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Cacao plants' defense against toxic cadmium unveiled

March 18, 2024
European Synchrotron Radiation Facility
Researchers used bright X-rays to unveil how cacao trees protect themselves from toxic metal cadmium.

Researchers from the University Grenoble Alpes (UGA), France, together with the ESRF, the European Synchrotron located in Grenoble, France, used ESRF's bright X-rays to unveil how cacao trees protect themselves from toxic metal cadmium. This knowledge is relevant as new EU regulations restrict cadmium concentration in chocolate. Their results are published in Environmental and Experimental Botany.

Cadmium often accumulates in food, but it is a highly toxic metal, which can be harmful in humans if chronically exposed to it, according to the Food and Agricultural Organization. The EU has imposed limits to the cadmium maximal concentration in foodstuffs such as rice, wheat, potatoes and more recently chocolate.

Whilst there have been studies on how cadmium is transferred from soil to the edible part of stable crops, there is hardly any research on cadmium in cacao cultivars. "Understanding how cadmium builds up in cacao trees is paramount to subsequently find strategies to mitigate the accumulation of this metal in the final product," explains Geraldine Sarret, researcher at the University Grenoble Alpes (UGA) and co-corresponding author of the publication.

The UGA scientists travelled to the International Cocoa Genebank in Trinidad and Tobago, which hosts a field cacao collection with approximately 2400 cacao genotypes, to collect their samples in collaboration with the Cocoa Research Centre.

Then they came to the ESRF, the European Synchrotron, located in Grenoble, France, to investigate a particular cacao cultivar/variety that absorbs more cadmium than others do. Using synchrotron techniques -nano X-ray fluorescence on ESRF beamline ID16B and X-ray absorption on ID21-, they delved into the micro and nanoscale composition of the different parts of the plant. "Thanks to the ESRF, we could map of the presence of cadmium and other elements in an unprecedented resolution, so we could see the big picture but also going to the smallest detail," says Hester Blommaert, PhD student at UGA and co-corresponding author of the publication. "The concentration of cadmium in the different parts of the plant is very low, so much so that we couldn't have done this research before EBS," says Hiram Castillo-Michel, researcher at the ID21 beamline at the ESRF. "In the near future, we will see an increasing number of studies on similar food safety topics at ID21, where our recently installed new microscope will offer enhanced resolution and detection limits," he adds.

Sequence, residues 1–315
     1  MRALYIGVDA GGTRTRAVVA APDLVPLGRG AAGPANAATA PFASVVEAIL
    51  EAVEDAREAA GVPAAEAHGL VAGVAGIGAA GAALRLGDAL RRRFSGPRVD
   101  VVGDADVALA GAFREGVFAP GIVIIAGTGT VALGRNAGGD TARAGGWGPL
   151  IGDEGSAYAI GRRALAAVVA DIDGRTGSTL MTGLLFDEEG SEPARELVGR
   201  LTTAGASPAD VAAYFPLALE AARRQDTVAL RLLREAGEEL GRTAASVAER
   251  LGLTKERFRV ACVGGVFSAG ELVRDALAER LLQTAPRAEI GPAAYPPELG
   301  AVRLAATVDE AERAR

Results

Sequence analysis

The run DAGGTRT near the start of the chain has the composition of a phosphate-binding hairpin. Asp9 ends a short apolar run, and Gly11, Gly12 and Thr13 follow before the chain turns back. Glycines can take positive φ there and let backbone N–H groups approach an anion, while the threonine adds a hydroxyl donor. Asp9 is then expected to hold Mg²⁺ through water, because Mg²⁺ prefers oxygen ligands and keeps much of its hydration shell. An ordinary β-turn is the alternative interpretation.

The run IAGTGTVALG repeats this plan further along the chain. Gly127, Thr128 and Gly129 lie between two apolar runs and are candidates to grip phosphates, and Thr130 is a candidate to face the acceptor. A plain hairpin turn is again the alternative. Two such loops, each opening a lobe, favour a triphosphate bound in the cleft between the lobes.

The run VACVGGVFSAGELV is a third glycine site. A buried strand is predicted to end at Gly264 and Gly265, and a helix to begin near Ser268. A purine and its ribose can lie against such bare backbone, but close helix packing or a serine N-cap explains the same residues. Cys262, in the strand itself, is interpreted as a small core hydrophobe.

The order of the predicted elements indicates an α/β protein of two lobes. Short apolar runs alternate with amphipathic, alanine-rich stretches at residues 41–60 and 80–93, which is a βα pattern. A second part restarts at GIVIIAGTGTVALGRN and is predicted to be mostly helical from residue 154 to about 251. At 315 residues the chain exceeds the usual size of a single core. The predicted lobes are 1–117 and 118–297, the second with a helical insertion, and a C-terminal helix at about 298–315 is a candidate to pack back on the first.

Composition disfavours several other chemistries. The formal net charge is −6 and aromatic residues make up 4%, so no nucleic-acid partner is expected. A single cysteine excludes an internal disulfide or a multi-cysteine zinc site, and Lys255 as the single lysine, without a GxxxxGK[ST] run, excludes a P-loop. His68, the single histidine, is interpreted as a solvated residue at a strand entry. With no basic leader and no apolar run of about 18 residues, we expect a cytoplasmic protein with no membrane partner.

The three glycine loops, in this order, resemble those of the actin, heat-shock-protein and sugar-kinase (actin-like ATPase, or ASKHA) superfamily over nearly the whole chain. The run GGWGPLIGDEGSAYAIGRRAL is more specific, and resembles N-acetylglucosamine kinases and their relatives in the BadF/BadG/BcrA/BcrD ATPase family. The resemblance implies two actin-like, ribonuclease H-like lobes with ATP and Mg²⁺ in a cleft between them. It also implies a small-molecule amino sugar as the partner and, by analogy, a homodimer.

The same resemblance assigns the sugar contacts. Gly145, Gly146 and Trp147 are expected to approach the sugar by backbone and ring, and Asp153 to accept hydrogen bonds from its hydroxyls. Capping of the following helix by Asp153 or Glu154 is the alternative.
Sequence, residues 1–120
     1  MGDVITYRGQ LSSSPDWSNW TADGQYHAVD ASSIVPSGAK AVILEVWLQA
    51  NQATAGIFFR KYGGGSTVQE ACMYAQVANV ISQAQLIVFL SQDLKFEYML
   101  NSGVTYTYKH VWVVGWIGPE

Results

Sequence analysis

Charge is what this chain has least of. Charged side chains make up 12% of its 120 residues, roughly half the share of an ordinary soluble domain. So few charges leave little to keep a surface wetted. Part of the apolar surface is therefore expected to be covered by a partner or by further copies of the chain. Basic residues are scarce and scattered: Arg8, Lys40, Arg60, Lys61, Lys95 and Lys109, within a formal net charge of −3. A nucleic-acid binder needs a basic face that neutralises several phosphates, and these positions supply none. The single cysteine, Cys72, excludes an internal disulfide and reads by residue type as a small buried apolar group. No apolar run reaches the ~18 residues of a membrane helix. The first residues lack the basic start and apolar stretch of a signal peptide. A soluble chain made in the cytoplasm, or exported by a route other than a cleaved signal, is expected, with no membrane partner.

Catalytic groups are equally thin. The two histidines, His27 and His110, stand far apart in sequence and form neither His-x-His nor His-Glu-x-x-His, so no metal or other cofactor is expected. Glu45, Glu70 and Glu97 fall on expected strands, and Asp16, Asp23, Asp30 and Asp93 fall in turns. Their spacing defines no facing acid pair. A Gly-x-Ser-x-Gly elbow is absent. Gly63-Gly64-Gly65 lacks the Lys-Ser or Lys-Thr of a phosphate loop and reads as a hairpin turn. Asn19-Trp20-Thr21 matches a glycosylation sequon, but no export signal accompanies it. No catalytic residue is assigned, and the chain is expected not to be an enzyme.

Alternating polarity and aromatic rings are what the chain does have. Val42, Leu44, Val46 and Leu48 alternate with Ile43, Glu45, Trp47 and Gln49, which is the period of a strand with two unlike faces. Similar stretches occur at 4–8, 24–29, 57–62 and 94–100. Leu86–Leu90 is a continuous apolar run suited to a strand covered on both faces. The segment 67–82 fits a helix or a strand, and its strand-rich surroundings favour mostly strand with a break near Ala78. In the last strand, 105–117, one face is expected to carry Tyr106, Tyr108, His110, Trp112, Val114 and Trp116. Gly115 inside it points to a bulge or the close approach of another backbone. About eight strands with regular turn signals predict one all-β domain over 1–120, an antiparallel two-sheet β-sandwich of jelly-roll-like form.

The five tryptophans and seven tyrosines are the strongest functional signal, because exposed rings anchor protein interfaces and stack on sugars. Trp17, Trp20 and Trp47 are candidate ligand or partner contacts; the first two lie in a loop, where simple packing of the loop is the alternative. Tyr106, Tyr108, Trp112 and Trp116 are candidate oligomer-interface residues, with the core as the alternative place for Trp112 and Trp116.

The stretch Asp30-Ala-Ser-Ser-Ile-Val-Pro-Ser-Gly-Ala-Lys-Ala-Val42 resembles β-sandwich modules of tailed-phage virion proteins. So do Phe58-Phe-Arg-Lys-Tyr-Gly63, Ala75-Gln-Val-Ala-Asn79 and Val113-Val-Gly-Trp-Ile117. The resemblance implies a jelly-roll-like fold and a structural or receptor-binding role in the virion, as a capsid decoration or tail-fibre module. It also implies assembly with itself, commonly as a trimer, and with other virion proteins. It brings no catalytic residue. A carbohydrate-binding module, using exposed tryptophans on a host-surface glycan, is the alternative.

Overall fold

The results yield a surprise: "We found that part of the cadmium is stored in calcium oxalate crystals in roots and branches of the cacao plant, which was unexpected," explains Blommaert. In particular, the crystals were most abundant in the branches. Interestingly, whilst crystals were present in the leaves, they did not seem to help in detoxifying cadmium in this part of the plant. "We believe that the calcium oxalate crystals are a mechanism of detoxification of the plant against the metal," she adds.

In addition, they also discovered that cadmium combines with sulphur in certain cells in the roots. This mechanism is well known in roots of cereals, where cadmium is retained in the vacuoles and bound to thiol-containing molecules. In the case of cacao, this mechanism is less pronounced, and more cadmium is transferred to aerial parts.

Overall, the strategy developed by cacao plants to manage cadmium is different from cereals, in terms of root to shoot transfer, storage compartments and storage forms.

"This new knowledge is a prerequisite for the selection or breeding of cacao cultivars accumulating less cadmium, and support a safe cacao production in South America," says Sarret. "However, we need to continue our studies, using other types of cacao plants and in different environmental conditions, to be able to design more precise strategies," she concludes.

Story Source:

Materials provided by European Synchrotron Radiation Facility. Original written by Montserrat Capellas Espuny. Note: Content may be edited for style and length.

Journal Reference:

  1. Hester Blommaert, Hiram Castillo-Michel, Giulia Veronesi, Rémi Tucoulou, Jacques Beauchêne, Pathmanathan Umaharan, Erik Smolders, Géraldine Sarret. Ca-oxalate crystals are involved in cadmium storage in a high Cd accumulating cultivar of cacao. Environmental and Experimental Botany, 2024; 221: 105713 DOI: 10.1016/j.envexpbot.2024.105713

Cite This Page:

European Synchrotron Radiation Facility. "Cacao plants' defense against toxic cadmium unveiled." ScienceDaily. ScienceDaily, 18 March 2024. <>.
European Synchrotron Radiation Facility. (2024, March 18). Cacao plants' defense against toxic cadmium unveiled. ScienceDaily. Retrieved April 19, 2024 from
European Synchrotron Radiation Facility. "Cacao plants' defense against toxic cadmium unveiled." ScienceDaily. (accessed April 19, 2024).

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